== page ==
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Education Insider December 2015

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December 18, 2015
December 11, 2015
December 4, 2015

December 18, 2015

Students most in need to get nearly $2 billion more in 2016

Teacher and Student The NEA-supported Consolidated Appropriations Act of 2016 or omnibus, passed by Congress this week, increases funding for key programs serving students and families most in need by nearly $2 billion ($500 million for Title I, $415 million for IDEA, $570 million for Head Start, $326 million for Child Care and Development Block Grants, and more). In addition, the bill restores funding for preschool development grants and Title II teacher quality grants used to provide professional development and reduce class sizes. The new Pell grant maximum is $5,915 (an increase of $140).

And, in a huge victory for educators, the bill also delays for two years (until 2020) the Affordable Care Act’s 40 percent tax on the cost of employer-sponsored healthcare coverage above certain amounts—generally, $10,200 for individuals and $27,500 for families. Passage of the omnibus bill with funding increases and the excise tax delay (and ultimately the tax wins mentioned below) was a result of year-long advocacy by NEA members.

Educator tax deduction made permanent, indexed to inflation

tax deduction The annual $250 educator tax deduction is now permanent, will be adjusted for inflation, and can be used for professional development as well as instructional materials and classroom supplies, thanks to the NEA-supported Protecting Americans from Tax Hikes Act of 2015, also passed by Congress this week (and later combined with the omnibus). The same bill renewed the Qualified Zone Academy Bond (QZAB) program, which helps finance school renovations and repairs—recognition that too many of today’s students are housed in yesterday’s buildings with out-of-date technology and often unsafe, crumbling infrastructures.

Cheers to our cyber-lobbyists and their victories in 2015!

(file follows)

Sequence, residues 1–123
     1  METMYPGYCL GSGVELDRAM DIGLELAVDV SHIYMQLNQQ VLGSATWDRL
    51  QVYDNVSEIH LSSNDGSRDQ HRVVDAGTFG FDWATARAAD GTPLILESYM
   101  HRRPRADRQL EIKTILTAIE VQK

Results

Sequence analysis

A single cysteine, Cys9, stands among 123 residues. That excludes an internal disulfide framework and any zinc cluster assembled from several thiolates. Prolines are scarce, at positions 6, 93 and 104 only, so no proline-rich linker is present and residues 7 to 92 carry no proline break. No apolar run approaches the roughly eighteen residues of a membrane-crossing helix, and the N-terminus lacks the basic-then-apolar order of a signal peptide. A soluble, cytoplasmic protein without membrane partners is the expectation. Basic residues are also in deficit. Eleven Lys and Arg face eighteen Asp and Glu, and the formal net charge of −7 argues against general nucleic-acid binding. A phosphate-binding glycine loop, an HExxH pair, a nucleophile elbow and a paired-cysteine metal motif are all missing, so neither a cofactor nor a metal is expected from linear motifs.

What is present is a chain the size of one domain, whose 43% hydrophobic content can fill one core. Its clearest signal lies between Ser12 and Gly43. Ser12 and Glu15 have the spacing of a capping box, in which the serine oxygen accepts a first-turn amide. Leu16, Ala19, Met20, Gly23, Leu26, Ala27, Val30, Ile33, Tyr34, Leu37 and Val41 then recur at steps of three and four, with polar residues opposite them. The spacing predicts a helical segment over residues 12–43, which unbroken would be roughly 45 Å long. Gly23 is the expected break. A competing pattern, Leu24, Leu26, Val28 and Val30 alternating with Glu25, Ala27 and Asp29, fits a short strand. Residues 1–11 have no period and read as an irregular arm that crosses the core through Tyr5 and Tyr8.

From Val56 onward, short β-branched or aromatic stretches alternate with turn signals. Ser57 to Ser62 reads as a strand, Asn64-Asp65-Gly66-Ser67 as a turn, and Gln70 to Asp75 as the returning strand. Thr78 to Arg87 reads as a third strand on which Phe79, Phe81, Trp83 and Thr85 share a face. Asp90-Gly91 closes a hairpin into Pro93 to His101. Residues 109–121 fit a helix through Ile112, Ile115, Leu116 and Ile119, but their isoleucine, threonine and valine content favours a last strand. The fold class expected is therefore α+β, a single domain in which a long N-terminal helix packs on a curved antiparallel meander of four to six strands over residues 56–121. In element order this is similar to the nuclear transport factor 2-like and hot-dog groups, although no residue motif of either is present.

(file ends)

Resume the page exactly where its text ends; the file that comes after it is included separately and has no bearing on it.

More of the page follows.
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This year alone, our cyber-lobbyists ramped up their advocacy in unprecedented ways, sending nearly 400,000 messages to Congress on key issues! This compares to 143,000 messages sent in 2014. The most messages were sent on ESEA, Funding and Social Security/GPO-WEP. Each of those messages played a critical role in this year’s significant victories:

  • Enacted the Every Student Succeeds Act (ESSA), the reauthorization of ESEA that ends the era of No Child Left Behind after nearly 14 years and furthers all three of NEA’s core goals:
    • Creating an opportunity “dashboard” to help ensure equity and opportunity for all students
    • Reducing the amount of standardized testing and decoupling test scores and high-stakes decision making
    • Ensuring that educators’ voices are part of decision-making at the federal, state, and local levels; including the expansion of collective bargaining
    • Additional ESSA wins included greater access to early childhood education, the inclusion of full service community schools, addressing the school-to-prison pipeline and school-based mental health, and preventing Title I portability that would dilute that critical program.
  • Enacted the Bipartisan Budget Act of 2015, which partially replaced pending sequester funding cuts for this year and next, paving the way for targeted increases to domestic programs; the agreement also ensured that the funding relief be divided equally between Non-Defense and Defense programs.